|Publication number||US4718412 A|
|Application number||US 06/871,390|
|Publication date||Jan 12, 1988|
|Filing date||Jun 6, 1986|
|Priority date||Sep 13, 1984|
|Publication number||06871390, 871390, US 4718412 A, US 4718412A, US-A-4718412, US4718412 A, US4718412A|
|Inventors||William R. Nesbitt|
|Original Assignee||Nesbitt William R|
|Export Citation||BiBTeX, EndNote, RefMan|
|Patent Citations (6), Referenced by (18), Classifications (7), Legal Events (3)|
|External Links: USPTO, USPTO Assignment, Espacenet|
This application is a continuation in part of my co-pending application Ser. No. 650,206 filed Sept. 13, 1984, and now U.S. Pat. No. 4,594,999 issued June 17, 1986.
1. Field of the Invention
This invention relates in general to devices for immobilizing the human head, neck and torso and relates more particularly to such devices for use in emergency situations to immobilize the body to prevent further injury to the potentially injured cervical spine.
2. Description of the Prior Art
Numerous devices have been proposed in the past to perform the function of immobilizing or stabilizing the human head and neck for emergency purposes. Such devices are extremely important, particularly in emergency situations, in the handling of possible fractures of the cervical spine. In the cases of industrial injuries, automobile accidents and battlefield injuries. It is usually necessary to remove the patient from the injury scene, often under conditions of stress or time pressure, for transportation to medical facilities. This removal is almost always accomplished by personnel who are not medical doctors, although they may have had varying amounts of education and training in the handling of injured patients.
In the handling and moving, there is a high risk of aggravation of injuries to the cervical spine if the patient's head and neck are not properly immobilized or stabilized.
Many prior art U.S. patents disclose devices comprising a rigid board member having straps attached thereto for attachment to a patient to immobilize the head and neck. These devices provide a rigid structure for completely preventing lateral motion and rotation of the patient's head but are expensive, bulky and complicated to use. Because of their cost, emergency personnel can usually afford to have only one device with them. This not only makes proper immobilization impossible of other injured patients in the same accident but also prevents the emergency personnel from returning to duty until their board is returned. Further the board may not be removed until x-rays have ruled out neck or back injuries. The wood or metal devices presently used allows only very poor quality films when x-rays are shot through them.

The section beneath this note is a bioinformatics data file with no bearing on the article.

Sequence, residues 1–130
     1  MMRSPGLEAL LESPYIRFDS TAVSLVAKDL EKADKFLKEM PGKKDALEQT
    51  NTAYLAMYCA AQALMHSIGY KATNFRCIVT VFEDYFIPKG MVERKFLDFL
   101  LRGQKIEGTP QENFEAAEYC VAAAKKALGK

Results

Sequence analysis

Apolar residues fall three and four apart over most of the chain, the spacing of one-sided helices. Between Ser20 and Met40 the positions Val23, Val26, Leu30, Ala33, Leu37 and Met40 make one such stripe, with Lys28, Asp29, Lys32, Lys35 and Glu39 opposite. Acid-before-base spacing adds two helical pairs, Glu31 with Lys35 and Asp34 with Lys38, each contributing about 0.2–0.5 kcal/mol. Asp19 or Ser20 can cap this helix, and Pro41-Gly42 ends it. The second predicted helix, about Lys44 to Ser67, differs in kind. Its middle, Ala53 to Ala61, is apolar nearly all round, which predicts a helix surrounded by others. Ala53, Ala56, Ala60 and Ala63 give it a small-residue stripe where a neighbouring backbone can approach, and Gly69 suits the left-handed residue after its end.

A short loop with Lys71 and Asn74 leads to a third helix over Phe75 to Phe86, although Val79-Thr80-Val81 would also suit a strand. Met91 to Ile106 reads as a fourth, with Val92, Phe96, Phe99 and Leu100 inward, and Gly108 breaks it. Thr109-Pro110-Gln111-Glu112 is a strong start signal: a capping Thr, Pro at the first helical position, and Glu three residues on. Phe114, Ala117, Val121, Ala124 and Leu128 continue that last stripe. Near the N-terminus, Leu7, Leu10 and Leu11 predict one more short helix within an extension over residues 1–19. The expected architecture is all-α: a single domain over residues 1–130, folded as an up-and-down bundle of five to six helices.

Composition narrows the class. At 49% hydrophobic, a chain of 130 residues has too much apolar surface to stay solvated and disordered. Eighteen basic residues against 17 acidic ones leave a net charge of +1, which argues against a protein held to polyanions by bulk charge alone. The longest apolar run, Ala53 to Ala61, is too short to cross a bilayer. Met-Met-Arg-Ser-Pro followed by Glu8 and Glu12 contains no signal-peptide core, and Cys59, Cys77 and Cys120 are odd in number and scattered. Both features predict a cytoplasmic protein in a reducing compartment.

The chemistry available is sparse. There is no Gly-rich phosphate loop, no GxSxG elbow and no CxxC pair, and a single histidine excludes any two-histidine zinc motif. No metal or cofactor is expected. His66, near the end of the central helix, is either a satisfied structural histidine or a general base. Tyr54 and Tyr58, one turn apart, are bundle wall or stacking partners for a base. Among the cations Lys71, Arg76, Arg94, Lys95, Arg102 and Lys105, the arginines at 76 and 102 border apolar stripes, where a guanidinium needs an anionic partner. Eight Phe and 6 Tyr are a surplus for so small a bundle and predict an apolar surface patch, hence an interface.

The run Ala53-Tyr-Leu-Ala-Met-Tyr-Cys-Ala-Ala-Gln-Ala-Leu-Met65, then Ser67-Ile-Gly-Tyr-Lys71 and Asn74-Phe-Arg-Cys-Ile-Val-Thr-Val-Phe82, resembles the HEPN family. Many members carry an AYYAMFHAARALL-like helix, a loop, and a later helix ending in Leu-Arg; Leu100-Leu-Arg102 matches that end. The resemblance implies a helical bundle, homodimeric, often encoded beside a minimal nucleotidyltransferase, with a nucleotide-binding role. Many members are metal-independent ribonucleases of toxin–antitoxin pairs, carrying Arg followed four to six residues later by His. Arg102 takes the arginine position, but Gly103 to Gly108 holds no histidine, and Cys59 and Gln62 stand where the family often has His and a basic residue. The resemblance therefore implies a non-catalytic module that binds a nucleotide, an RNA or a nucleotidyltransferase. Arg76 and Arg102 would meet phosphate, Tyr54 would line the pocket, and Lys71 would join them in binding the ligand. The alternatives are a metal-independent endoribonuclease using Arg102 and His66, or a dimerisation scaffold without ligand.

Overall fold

There is a need, therefore, for a disposable, inexpensive readily stackable, more radiolucent C-spine immobilizer that can be employed easily by non-physician personnel.
It is another object to provide a cervical spine immobilizer that is easily and quickly applied to injured persons.
Still another object is to provide a spine board that can be stored in large quantities in very little space.
Yet another object is to provide a light weight spine board that is suitable for disaster situations which can be purchased in large quantities at modest expense.
These and other objects of the invention will in part be obvious and will in part appear hereinafter.
The invention accordingly comprises the product possessing the features, properties and the relation of elements which are exemplified in the following detailed disclosure and the scope of the application of which will be indicated in the claims.
For a fuller understanding of the nature and objects of the invention, reference should be had to the following detailed description taken in connection with the accompanying drawings.
FIG. 1 is a front elevational view of the device of this invention.
FIG. 2 is a side elevation view thereof.
FIG. 3 is a top plan view.
FIG. 4 is a rear elevational view of the device of this invention.
FIGS. 5, 6 and 7, are perspective views illustrating the use of the instant device to immobilize a human being.
A cervical spline immobilization device is provided that comprises a double walled corrugated board member, or a member of similar material. The device includes a reinforcement panel at a critical central zone. Various portions of the device are held together by standard duct tape or other two inch readily available adhesive tape. Alternatively the tape can be pre-attached in part and left dangling in part, the unattached part having a protective removable backing.